AMD made real its virtualization technology as the chip maker unveiled its “Pacifica” specification, a computer processor design aimed at enhancing virtualization with 64-bit servers and other clients, including desktops and notebooks.
Releasing the specification at the LinuxWorld Summit in New York this week, AMD said its virtualization technology would take the concept — whereby individual machines are partitioned for better utilization and management — beyond software to the hardware level to improve reliability, resilience and security in platforms, all at a lower cost of ownership.
Facing competition from Intel’s similar Virtualization Technology (VT) efforts, AMD indicated Pacifica would be available in client and server processors in the first half of next year. The company also touted partnerships with virtualization software makers including Microsoft, VMware and XenSource.
Analysts indicated users, particularly enterprise IT shops, are likely to benefit from better reliability and manageability, but they also indicated issues of licensing and maturity of the technology and accompanying software remain.
“Pacifica and VT will make tools like VMware work a lot better,” Gartner Vice President Steve Kleynhans told TechNewsWorld. “This is also helping to spread (virtualization) out beyond just servers to the client level.”
AMD touted its work with other software vendors and indicated its virtualization technology — highlighted by Direct Connect Architecture that represents a new model and feature set for processor and memory controller — would accelerate industry adoption of virtualization technologies, according to a statement from AMD Vice President and General Manager Marty Seyer.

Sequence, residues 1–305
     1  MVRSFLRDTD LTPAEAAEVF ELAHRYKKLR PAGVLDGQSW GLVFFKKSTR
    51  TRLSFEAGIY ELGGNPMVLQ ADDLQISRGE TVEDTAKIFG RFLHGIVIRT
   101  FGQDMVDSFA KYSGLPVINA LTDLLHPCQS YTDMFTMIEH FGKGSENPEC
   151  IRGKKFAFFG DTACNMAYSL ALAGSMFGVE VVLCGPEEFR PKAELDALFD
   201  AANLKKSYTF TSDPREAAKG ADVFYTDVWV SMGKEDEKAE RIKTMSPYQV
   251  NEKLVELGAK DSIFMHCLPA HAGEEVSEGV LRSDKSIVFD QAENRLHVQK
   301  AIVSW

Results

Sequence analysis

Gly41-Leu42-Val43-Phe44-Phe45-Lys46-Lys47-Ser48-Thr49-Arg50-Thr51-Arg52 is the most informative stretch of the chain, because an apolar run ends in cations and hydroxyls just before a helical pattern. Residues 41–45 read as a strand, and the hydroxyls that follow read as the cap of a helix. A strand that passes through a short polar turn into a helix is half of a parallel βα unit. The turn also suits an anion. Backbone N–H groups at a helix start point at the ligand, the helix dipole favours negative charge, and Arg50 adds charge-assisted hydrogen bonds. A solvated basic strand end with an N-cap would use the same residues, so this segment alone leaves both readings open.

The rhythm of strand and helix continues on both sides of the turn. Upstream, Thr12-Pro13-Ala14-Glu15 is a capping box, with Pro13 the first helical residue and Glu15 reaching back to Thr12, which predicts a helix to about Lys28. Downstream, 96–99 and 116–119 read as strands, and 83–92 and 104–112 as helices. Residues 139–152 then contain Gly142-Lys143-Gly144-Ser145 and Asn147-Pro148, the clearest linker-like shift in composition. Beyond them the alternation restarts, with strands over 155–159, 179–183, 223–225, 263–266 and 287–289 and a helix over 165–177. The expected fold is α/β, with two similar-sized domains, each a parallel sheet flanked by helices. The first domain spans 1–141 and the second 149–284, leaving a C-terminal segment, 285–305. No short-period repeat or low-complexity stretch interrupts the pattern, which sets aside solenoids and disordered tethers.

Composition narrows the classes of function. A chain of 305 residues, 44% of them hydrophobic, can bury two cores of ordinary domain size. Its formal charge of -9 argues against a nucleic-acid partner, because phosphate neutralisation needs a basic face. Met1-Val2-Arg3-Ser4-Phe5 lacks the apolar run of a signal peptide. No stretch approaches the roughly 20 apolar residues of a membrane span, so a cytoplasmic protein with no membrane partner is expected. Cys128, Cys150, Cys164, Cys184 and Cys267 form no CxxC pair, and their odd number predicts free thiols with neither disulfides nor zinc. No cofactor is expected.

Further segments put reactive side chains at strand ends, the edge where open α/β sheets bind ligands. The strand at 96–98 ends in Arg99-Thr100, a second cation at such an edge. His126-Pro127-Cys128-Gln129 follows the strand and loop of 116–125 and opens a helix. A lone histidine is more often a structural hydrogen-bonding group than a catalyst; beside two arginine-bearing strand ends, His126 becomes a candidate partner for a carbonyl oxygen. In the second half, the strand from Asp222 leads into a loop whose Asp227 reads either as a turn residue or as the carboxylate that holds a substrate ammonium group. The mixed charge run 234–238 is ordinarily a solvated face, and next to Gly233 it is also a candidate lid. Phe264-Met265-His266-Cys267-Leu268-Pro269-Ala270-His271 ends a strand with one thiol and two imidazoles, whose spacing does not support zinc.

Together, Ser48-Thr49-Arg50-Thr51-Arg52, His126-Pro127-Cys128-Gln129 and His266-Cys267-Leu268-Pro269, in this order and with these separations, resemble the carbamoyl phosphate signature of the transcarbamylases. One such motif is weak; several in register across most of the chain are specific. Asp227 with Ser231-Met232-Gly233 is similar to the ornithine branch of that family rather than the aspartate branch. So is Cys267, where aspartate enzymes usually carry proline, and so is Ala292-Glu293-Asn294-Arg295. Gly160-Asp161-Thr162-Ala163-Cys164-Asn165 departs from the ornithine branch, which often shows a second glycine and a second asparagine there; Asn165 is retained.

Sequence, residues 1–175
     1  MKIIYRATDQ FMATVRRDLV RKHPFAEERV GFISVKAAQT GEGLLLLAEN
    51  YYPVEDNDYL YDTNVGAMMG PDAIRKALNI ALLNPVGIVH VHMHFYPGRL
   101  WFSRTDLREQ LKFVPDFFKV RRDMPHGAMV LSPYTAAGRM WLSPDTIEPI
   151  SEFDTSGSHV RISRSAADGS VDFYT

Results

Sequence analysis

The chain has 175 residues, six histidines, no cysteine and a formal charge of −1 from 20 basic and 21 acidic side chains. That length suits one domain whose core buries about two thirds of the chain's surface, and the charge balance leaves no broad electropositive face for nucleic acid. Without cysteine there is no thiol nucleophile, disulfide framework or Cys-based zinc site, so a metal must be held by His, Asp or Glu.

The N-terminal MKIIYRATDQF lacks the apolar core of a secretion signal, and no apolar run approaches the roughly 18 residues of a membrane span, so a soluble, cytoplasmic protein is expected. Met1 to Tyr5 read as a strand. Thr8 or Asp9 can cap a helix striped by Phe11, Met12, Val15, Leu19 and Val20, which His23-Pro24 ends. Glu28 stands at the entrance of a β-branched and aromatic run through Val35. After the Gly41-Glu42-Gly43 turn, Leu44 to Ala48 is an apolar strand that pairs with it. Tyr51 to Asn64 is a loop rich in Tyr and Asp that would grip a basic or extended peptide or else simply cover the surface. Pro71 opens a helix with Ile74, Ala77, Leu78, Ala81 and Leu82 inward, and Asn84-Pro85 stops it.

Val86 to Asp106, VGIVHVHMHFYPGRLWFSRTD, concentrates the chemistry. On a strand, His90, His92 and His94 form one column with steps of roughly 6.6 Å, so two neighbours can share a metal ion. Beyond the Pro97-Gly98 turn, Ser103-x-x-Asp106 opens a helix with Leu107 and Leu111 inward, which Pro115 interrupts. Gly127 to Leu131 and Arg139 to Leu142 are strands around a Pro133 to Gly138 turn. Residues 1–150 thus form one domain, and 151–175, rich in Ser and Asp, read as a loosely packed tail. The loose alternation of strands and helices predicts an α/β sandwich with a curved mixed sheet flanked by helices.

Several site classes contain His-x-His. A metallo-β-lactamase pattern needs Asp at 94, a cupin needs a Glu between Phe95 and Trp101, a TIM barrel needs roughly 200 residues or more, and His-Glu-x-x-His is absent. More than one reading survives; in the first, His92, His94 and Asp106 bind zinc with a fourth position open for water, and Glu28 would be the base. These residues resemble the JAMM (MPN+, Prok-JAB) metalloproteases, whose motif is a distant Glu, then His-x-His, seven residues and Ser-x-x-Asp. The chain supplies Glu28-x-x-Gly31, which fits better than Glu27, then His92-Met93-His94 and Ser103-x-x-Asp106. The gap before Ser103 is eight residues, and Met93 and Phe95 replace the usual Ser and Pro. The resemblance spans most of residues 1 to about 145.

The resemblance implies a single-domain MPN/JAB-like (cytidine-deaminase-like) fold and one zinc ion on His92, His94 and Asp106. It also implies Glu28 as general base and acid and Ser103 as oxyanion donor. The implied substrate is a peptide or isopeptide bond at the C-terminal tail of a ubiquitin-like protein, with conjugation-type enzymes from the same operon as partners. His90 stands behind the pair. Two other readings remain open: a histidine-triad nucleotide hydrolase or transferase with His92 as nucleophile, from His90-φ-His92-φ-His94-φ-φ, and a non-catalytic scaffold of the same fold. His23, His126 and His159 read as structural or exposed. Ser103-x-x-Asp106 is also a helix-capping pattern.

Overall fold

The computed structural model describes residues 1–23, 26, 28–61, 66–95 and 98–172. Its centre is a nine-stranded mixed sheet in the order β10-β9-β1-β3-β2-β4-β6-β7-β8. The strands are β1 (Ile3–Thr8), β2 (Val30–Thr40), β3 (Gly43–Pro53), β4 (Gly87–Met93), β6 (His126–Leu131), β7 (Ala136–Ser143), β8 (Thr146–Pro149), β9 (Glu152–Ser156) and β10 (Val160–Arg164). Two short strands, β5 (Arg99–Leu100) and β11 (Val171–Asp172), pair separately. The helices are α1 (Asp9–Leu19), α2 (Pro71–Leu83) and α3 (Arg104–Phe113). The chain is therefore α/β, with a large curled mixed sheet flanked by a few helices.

“By taking an inclusive approach and working directly with both customers and hardware and software partners to develop Pacifica, AMD is leading the rising tide of industry support for virtualization,” he said.
AMD said Pacifica was designed to “enhance and extend” traditional software-only based virtualization and help reduce complexity and increase security while maintaining backward compatibility with existing virtualization solutions.
New Class of Innovation
Gartner research analyst Martin Reynolds said hardware virtualization in the x86 platform “opens the way for a new class of innovation,” by making the platform more flexible, more manageable and better secured.
“Both home and business users will benefit from the technology, which will rapidly proliferate across the entire x86 market,” Reynolds said. “It will transform the way that we use our PCs, more so than any other technology this decade.”
However, there are still hurdles, particularly software licensing issues that go along with virtualization, Reynolds told TechNewsWorld.
First Virtual Cut
Kleynhans agreed that the software licensing for virtualization solutions presents a big problem that will be difficult to solve.
Kleynhans, who praised virtualization technology for giving IT groups the ability to partition even more effectively, also indicated the software for Pacifica and Intel’s VT, including Xen and VMware, will have to be updated, along with operating systems themselves.
“This is the first cut and a lot of people have to get on board and agree to where this is going,” Kleynhans said. “It’s still going to take smart people and some tweaking to get certain applications to work.”